Thursday, March 14, 2013

review : clean color for lightroom

I want to start this review off by saying that I wasn't given this class as a freebie to review (I paid for it), and Erin didn't ask me to review it. In fact, even though Erin and I live in the same city, I don't know her and have never met her...but I love the way she teaches!

I was first introduced to Erin Cobb's Clean Color editing system when she came out with a version for Photoshop a couple of years ago. At the time I was enrolled as an auditing student in Karen Russell's fabulous Photographer's Workshop class, and Karen brings Erin in for one week during each session to talk about editing. As an aside, if you've ever considered taking the Photographer's Workshop, DO IT! It's simply amazingly worth every penny. After looking at Erin's photos and editing style I was very much interested and purchased the Photoshop version of Clean Color, which is available to all of Karen's current and past students at a discount (along with Erin's other Clean Color offerings).

I loved what I learned in the Photoshop version of Erin's Clean Color workshop, but I'm really a Lightroom girl at heart (as you may have guessed from this and this). I took the principles of what I learned, but never really popped over to Photoshop to actually put them into practice after completing the tutorial. When I received an email a couple of weeks ago that Erin had just come out with the same type of system for Lightroom instead of Photoshop, I only hesitated about 2.7 seconds before hitting the "Buy Now" button. The workshop is priced at $129, which I know is more than most scrapbookers are used to paying for classes, but I'm not joking when I say that this system can be life-changing for your photography and is worth considering.

The workshop is an instant download and includes an almost two hour hour instructional video, four Lightroom Presets (plus she shows you how to make your own!) based on Erin's system, and several practice images that you can use to follow along with the tutorials.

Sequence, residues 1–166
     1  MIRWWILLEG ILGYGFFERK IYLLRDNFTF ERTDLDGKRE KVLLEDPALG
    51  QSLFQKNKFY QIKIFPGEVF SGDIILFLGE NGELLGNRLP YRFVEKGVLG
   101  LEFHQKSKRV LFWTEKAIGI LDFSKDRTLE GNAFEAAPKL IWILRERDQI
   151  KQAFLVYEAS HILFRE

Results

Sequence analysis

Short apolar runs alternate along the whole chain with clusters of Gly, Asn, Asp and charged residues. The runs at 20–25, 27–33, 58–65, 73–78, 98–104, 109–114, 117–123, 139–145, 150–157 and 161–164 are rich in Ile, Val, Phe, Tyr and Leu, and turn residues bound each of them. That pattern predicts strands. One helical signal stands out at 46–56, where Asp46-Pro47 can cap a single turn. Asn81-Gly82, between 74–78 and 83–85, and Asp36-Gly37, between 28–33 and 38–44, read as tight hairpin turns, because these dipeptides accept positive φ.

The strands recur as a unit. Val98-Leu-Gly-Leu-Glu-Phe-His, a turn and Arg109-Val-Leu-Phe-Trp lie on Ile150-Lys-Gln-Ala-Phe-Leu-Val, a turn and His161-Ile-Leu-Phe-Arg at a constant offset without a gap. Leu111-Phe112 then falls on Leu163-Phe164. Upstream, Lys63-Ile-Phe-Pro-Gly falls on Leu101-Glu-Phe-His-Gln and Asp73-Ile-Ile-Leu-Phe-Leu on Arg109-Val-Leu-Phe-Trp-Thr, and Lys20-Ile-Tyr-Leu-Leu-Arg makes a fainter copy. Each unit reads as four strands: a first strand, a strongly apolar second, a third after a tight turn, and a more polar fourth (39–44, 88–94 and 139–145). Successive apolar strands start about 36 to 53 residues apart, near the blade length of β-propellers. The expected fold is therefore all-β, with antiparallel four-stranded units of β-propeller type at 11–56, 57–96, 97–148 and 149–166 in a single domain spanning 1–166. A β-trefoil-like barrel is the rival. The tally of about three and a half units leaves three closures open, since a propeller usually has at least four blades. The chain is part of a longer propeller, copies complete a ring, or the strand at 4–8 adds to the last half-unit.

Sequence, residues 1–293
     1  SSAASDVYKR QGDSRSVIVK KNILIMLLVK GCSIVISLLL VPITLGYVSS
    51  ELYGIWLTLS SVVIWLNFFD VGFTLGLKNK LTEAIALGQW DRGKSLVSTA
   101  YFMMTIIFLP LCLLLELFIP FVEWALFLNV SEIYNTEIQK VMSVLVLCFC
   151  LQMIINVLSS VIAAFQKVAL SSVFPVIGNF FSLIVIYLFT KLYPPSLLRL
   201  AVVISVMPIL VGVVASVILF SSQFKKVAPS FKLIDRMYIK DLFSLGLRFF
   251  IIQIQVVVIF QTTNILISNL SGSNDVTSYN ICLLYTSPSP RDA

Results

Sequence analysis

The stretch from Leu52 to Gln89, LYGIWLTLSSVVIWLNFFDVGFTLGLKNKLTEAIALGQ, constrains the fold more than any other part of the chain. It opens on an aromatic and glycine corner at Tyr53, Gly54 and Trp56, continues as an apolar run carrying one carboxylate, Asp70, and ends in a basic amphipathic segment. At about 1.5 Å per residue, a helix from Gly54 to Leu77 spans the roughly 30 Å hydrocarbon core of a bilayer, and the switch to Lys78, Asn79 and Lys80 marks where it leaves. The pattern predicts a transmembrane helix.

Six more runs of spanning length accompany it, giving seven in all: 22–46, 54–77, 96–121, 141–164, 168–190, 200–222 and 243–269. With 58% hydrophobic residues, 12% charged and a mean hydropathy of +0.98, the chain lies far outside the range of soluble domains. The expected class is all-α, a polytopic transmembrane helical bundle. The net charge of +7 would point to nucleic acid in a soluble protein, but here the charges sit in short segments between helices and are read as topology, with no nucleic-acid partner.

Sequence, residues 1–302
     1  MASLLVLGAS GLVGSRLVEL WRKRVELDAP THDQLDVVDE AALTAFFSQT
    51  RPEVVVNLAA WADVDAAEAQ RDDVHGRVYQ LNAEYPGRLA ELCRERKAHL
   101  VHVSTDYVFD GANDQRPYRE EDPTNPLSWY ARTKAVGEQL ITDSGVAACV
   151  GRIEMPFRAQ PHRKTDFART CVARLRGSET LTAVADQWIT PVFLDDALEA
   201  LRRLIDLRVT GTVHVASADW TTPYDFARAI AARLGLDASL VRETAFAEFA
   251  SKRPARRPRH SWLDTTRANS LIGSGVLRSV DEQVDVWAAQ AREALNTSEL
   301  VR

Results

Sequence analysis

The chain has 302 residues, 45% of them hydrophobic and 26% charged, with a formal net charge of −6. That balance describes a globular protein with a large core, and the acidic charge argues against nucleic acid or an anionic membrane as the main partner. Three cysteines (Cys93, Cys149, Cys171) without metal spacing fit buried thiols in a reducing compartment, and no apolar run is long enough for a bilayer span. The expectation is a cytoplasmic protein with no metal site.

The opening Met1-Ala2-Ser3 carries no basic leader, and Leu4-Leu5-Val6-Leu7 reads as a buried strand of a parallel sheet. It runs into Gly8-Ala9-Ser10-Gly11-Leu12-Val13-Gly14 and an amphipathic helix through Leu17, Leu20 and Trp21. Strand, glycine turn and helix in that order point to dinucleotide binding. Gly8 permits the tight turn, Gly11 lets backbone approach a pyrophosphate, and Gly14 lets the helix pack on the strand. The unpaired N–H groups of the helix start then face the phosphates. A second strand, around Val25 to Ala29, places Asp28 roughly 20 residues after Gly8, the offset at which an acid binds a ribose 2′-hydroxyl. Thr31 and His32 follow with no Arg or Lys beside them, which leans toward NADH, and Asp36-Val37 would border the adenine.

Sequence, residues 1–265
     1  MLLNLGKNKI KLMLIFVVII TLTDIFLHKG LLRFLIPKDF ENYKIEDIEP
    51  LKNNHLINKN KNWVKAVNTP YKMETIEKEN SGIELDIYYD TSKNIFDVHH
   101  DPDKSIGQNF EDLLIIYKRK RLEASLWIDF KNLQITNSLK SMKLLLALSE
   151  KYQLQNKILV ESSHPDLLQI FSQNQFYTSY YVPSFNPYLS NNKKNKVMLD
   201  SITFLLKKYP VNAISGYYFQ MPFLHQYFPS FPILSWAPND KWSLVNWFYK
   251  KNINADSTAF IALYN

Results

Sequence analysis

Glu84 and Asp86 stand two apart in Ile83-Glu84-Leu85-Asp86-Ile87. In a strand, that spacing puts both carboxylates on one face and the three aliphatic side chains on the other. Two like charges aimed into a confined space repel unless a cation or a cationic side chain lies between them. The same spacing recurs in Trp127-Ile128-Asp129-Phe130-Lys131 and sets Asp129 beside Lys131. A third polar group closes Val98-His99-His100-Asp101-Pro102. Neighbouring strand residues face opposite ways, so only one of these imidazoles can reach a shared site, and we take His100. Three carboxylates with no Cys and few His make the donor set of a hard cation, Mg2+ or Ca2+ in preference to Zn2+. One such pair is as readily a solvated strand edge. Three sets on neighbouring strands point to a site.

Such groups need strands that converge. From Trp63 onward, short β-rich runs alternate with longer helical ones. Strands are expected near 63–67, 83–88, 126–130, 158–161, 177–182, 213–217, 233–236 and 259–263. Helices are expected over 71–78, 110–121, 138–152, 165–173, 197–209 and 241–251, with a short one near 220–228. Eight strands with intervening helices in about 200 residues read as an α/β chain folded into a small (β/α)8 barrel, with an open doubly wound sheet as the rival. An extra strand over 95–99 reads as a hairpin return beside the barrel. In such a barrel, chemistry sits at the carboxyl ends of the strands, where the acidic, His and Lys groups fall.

While the title and main focus of the workshop centers around Erin's editing system, the video covers so much more- importing, sorting, editing, exporting- basically an entire workflow from start to finish, straight from a professional photogapher's point of view. Though I'm by no means a professional photographer, I'm fairly comfortable in Lightroom after using it for several years and I still learned about so many parts of the edit module that I'd never ventured into- gradient filters, the tone curve, and new ways of adjusting exposure.

If you're unsure of whether or not Clean Color can work for you, Erin has a free introductory video that gives an overview of her Photoshop workflow that you can download to see what it's all about (you'll find it on her Clean Color page). It won't be specific to Lightroom, of course, but it'll give you a general ideas of what the capabilities of the system are. You can also read Karen Russell's review of Clean Color for Lightroom here, and see an example of how she put the process to use on one of her own photos.

Both Karen and Erin are professional photographers and have gorgeous images straight out of the camera, so I thought I'd show you some examples of what a non-professional's (barely amateur!) shots look like when edited with this process. All of the photos below are from a trip to the Dominican Republic last December, and when on vacation I tend to shoot quickly and not pay a lot of attention to getting the perfect exposure and white balance for every frame- the perfect images to use to test out this system!

The first two sets of photos (straight out of the camera on top, edited with the Clean Color process on the bottom) are great examples of shots that I would have struggled with previously. I would have over-saturated the color and overdone the contrast, but by following Clean Color I was able to get the scenes to look just as they did in real life.

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This photo, taken in the lobby of our hotel, is an example of what Clean Color does for iPhone photos!

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And I blew the exposure on this one a bit, but thanks to Clean Color I was able to pull it out.

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Erin Cobb's Clean Color for Lightroom definitely helped the last pieces of my photo editing process click into place for me. If you're a Lightrooom user whose skills range anywhere from never-installed-it-before to comfortable-with-your-process, I highly recommend giving Clean Color a try!